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The Dynamic, Learning Organization

In their book, Dynamic Manufacturing, Hayes, Wheel­wright and Clark observe, "Unfortunately during the past two decades relatively few companies in the United States have sought to build a competitive advantage around their manufacturing ability.... (Many companies) have discov­ered that the "secret weapon" of their fiercest competitors is often based not on better product design, greater market­ing ingenuity or superior financial strength but on the ability to make relatively standard products more efficiently, more reliably, and with higher precision As they seek to marshal their own organizations to respond to this new threat, many of them have been forced to confront the fact that they have systematically neglected their manu­facturing function over a rather long period of time. Like an unused muscle, their manufacturing capabilities have been allowed to atrophy." The role of physical therapist is the topic of this column. "The dynamic organization makes a series of coordinated decisions of both structural and an infrastructural nature. The former refers to such "brick and mortar" decisions as total production capacity, facili­ties planning and location, kinds of production equipment, and systems, sources for materials and services. By infrastructure, on the other hand, we refer to the manage­ment policies and systems that determine how the bricks and mortar are managed, such as Human Resource policies and practices, Quality Assurance systems, Production Planning and Inventory Control systems, new product development processes, performance measurement and reward systems, organizational structure and design. Because of this influence on an organization's behavior and effectiveness, such policies are analogous to the "software" that guides a computer system...."

World class organizational behavior does not just happen by itself. In fact, in many ways it is very unnatural behavior in companies whose organizational structures, staffing policies and performance measurement and control sys­tems are predicated on the assumption that an organiza­tion should be composed of a collection of specialists who operate within fairly narrow job descriptions. Such compa­nies typically operate under a command and control men­tality. World class companies "want to grow their own people, equipment and systems, but they also respect the capabilities of others.... They continually push at the margins of their expertise, trying on every front to be a bit better than before.... They strive to be dynamic, learning companies."44 In his book, The Fifth Discipline, Peter Senge calls for a "shift of mind" to combat the learning disabilities of organizations, such as believing "I am my position." In fact, organization learning disabilities are patterns of faulty thinking. Edward DeBono reminds us that we are "prisoners of our own thinking. The shift of minds is to Systems Thinking, "a discipline of seeing wholes. It is a framework for seeing patterns of change rather than static snapshots, for seeing relationships rather than things."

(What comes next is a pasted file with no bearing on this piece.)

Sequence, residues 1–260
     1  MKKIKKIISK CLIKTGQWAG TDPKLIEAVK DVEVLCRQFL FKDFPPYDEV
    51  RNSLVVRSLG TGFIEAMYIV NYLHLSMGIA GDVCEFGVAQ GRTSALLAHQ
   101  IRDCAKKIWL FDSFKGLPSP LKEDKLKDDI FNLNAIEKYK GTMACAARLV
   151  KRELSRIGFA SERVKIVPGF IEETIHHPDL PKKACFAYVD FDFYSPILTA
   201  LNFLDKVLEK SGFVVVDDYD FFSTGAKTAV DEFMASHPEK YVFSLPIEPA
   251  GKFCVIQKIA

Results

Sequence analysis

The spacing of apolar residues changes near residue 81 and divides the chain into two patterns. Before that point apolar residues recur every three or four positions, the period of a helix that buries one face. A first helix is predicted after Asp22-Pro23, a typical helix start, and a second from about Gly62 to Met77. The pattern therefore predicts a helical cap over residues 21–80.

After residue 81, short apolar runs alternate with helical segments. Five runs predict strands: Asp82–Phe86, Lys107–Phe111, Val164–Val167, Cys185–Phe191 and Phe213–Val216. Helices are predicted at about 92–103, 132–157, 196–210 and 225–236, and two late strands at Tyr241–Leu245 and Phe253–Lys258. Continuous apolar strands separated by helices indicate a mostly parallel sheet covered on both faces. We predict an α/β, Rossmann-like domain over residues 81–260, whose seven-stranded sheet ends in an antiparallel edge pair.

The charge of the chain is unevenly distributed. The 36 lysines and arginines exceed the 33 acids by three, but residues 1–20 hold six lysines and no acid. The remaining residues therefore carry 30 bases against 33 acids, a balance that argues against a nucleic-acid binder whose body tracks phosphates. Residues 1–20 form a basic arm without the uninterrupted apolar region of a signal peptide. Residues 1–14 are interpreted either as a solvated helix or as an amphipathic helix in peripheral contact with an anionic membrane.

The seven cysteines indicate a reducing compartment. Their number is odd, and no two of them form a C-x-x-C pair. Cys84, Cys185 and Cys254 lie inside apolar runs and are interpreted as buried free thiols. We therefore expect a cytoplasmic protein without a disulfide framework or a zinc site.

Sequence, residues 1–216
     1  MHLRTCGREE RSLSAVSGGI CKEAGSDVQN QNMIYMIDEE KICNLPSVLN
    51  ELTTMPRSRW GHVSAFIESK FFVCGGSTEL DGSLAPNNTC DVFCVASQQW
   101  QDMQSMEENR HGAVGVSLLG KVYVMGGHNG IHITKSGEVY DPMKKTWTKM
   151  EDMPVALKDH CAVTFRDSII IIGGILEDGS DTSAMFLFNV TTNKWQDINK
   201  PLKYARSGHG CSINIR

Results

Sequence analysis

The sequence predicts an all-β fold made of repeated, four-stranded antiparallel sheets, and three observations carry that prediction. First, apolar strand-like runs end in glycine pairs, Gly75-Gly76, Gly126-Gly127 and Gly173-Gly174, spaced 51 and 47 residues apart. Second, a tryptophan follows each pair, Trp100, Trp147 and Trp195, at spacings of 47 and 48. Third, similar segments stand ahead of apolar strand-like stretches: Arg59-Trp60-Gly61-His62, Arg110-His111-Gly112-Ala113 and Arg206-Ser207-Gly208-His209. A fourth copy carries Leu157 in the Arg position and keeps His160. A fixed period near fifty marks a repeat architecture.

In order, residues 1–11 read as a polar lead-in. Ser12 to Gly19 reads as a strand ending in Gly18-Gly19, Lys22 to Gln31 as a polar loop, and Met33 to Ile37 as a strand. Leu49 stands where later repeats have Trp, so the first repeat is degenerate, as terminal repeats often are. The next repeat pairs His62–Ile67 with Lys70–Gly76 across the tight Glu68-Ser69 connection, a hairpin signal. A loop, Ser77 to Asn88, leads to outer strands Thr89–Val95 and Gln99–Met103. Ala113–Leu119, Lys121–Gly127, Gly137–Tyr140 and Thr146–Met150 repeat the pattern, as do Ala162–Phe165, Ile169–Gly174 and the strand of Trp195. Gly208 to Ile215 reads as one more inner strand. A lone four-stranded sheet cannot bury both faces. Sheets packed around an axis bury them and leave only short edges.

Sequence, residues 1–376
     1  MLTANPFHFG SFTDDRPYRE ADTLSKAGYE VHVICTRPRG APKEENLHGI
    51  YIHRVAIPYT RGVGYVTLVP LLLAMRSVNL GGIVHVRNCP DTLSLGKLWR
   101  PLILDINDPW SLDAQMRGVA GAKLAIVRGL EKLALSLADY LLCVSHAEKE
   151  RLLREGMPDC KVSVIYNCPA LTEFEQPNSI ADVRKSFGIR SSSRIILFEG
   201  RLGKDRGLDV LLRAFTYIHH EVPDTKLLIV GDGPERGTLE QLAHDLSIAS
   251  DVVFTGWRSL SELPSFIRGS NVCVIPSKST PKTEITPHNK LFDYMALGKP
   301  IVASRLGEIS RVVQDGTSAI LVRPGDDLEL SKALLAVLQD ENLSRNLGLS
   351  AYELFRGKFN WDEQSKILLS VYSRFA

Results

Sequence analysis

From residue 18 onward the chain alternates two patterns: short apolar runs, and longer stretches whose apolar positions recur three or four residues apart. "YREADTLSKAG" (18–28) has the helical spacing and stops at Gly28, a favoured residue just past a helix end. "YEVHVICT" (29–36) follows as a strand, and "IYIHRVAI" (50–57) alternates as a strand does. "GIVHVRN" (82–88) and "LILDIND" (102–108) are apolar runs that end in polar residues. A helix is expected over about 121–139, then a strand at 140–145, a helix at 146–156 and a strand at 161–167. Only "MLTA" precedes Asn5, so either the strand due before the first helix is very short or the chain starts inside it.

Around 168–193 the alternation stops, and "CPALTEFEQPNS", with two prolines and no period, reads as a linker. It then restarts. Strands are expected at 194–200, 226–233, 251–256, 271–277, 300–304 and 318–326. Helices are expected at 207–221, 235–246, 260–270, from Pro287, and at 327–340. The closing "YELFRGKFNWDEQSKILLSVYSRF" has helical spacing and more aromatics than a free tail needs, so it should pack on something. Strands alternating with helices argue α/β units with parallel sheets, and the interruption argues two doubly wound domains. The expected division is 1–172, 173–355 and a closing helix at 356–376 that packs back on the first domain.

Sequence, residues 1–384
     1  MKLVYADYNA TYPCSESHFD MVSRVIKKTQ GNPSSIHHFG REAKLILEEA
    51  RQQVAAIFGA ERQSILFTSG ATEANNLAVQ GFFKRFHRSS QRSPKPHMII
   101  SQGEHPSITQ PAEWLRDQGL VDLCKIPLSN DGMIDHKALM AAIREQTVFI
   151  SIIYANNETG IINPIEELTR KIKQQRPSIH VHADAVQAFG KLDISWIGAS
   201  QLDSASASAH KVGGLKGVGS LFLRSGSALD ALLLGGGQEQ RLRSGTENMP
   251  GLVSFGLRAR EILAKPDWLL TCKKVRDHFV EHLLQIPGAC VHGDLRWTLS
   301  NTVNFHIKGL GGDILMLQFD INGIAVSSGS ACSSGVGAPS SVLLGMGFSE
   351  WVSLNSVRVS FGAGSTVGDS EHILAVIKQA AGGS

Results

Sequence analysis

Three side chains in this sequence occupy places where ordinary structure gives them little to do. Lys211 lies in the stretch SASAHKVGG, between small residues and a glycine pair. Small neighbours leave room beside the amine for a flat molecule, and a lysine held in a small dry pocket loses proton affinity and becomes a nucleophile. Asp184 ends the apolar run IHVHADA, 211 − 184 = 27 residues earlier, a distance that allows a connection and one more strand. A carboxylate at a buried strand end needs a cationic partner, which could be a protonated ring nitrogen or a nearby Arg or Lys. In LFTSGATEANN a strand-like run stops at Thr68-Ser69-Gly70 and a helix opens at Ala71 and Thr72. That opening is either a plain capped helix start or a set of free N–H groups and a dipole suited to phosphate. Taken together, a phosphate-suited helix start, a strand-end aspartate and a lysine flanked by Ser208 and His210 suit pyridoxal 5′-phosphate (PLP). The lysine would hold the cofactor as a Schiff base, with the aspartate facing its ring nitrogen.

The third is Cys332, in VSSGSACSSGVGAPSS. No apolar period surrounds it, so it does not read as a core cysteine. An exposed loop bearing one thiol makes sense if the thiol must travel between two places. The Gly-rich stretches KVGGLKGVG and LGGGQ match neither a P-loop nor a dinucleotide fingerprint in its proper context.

All employees are challenged. Dare to think, reflect on decisions, actions, results and events. Learning takes time. Teach not by edict but by example. Incisive actions must replace incessant activity. Reflection and inquiry skills are another example of soft skills. Time must be taken (and given) for reflection, conceptualization and examination of complex issues, thereby reducing them to simple and manageable issues. Through use of these "thinking tools" the learning organization continually ex­pands its capacity to create its future.

Conclusion

It is leadership's responsibility to create and nurture the culture of the organization. Culture is the medium or structure, including infrastructure, in an organization which allows and encourages its members to grow essential skills relevant to their position and to develop their individual potential to contribute to the healthy function­ing of the organization. The quality of life at work is a function of the interactions which define the relationship between members of the organization whether vertically or horizontally connected. In summary, the role of leader­ship in the Integrated Enterprise is to encourage, plan and facilitate the organization to 1) provide jobs by growing the business, strategic planning, putting capitalism in action; 2) maintain jobs through improved productivity and per­formance; 3) meet the needs of its members through reward systems, people development and a balance between the needs of the people with the goals of the organization; and 4) help the community provide qualified applicants by sponsoring programs in partnership. "Organizations learn only through individuals who learn. Individual learning does not guarantee organizational learning. But without it no organizational learning occurs." "Tapping the potential of people, Inamori believes, will require new understand­ing of the "subconscious mind," "will power," and "action of the heart... sincere desire to serve the world." This paper is meant to stimulate thought and discussion. Such thinking and discussion cannot but expand your contribution to your organization.


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